Op-Ed: Technology makes education more accessible than ever

Posted Mar 1, 2015 by James Walker
The advent of the digital era has revolutionized education and learning for millions of children worldwide, enabling greater collaboration between teachers and pupils and bringing education to places where it was never available via virtual classrooms.
An example of online education
An example of online education
Helgi Halldórsson (CC BY-SA 2.0)
Being able to receive access to basic education is still a major problem in many nations worldwide. A UNICEF report published in January 2015 found that 63 million children of school age did not receive education in 2012.
Investments in the usage of technology in education are beginning to change this though. Funding in this area was up from $1.64 billion in 2013 to $2.34 billion in 2014.
Virtual classrooms are increasingly being deployed where webcam and projector systems are used to link pupils in remote areas with teachers. This gives children access to expertly led tuition that they would not otherwise be able to obtain.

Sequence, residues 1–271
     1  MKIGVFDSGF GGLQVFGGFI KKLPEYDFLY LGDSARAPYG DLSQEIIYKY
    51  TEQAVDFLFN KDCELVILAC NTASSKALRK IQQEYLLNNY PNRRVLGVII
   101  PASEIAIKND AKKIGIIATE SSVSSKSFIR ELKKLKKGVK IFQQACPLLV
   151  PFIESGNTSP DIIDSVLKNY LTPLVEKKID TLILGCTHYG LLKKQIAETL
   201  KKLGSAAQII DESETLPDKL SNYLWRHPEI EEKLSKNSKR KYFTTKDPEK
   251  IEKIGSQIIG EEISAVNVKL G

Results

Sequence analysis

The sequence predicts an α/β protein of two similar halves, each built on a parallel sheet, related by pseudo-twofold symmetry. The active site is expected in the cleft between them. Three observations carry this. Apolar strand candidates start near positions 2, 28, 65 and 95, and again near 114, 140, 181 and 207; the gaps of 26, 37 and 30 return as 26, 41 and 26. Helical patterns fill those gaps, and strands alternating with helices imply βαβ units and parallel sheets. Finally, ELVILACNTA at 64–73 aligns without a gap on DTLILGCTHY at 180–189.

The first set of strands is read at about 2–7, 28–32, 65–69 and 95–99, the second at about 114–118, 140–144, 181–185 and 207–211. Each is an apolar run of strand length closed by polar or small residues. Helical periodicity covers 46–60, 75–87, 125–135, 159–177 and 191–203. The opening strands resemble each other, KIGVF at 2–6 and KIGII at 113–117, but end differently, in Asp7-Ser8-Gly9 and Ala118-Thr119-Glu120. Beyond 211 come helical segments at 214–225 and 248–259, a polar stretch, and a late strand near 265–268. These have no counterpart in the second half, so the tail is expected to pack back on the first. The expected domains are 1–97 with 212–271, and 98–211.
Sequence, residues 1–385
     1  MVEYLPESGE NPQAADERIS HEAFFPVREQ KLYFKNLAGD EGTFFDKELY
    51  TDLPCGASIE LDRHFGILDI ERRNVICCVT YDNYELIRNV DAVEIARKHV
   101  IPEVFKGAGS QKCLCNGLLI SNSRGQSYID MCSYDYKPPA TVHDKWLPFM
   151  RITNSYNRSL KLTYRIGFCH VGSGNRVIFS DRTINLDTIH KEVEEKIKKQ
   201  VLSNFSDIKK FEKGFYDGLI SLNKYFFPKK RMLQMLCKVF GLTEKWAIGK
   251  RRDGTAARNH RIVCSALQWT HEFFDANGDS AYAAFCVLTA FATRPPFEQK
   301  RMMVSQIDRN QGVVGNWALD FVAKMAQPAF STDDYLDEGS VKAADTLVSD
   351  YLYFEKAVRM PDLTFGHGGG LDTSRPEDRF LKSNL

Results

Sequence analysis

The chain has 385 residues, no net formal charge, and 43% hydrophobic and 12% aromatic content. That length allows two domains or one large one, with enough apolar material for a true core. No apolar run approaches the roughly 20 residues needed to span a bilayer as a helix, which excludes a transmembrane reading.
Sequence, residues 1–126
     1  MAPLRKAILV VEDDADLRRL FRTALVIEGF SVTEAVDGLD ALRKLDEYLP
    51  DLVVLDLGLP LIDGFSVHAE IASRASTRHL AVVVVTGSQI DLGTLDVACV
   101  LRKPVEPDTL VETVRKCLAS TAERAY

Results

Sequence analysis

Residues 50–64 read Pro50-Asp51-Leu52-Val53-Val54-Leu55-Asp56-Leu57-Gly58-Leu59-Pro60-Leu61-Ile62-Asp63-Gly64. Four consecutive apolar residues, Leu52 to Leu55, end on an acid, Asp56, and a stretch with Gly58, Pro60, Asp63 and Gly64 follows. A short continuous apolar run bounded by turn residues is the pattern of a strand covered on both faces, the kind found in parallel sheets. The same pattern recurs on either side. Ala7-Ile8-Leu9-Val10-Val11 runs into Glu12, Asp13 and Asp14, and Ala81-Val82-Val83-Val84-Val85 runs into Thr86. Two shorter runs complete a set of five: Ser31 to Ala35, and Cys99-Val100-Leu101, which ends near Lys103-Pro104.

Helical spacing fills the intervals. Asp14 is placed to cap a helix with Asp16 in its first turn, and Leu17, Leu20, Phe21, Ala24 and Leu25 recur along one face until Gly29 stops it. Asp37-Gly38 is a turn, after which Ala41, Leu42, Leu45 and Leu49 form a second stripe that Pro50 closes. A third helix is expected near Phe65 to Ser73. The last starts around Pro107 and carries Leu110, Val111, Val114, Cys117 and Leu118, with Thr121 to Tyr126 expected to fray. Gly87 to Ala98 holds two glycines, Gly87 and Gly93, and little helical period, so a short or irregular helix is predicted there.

It isn't just children who have gained access to heightened education opportunities through technology and the internet. Numerous courses across a myriad of subjects are available to study online. From code to catering or music, everybody can learn a new skill every day.
Professional and business education is available from platforms like Khan Academy, Shaw Academy and Coursera, offering valuable insights into the world of commerce, trade and marketing through specialized solutions like an Academy of Financial Trading.
The way that students submit work to teachers has also been radically transformed by the internet. Platforms like Microsoft's Office 365 allow for collaborative file sharing and editing between every member of a campus, faculty and school. Communication between pupil and tutor is easier than ever via email.
Note taking in classes has seen similar changes. Although many still use pen and paper, stylus-equipped tablets and software designed around the logical organisation of work such as Evernote or OneNote is becoming increasing prevalent. The paper-less nature means that nothing is ever lost and the notes that are created are easy to search, format and crucially edit, leading to more effective revision once exam season begins.
To conclude, the presence of technology in and out of the classroom has transformed education in all areas of the world. Poor, rural zones in developing countries are finding new experiences through the era of virtual classrooms while elsewhere in the world new software is increasing connectivity between students and teachers and creating a more productive environment for all.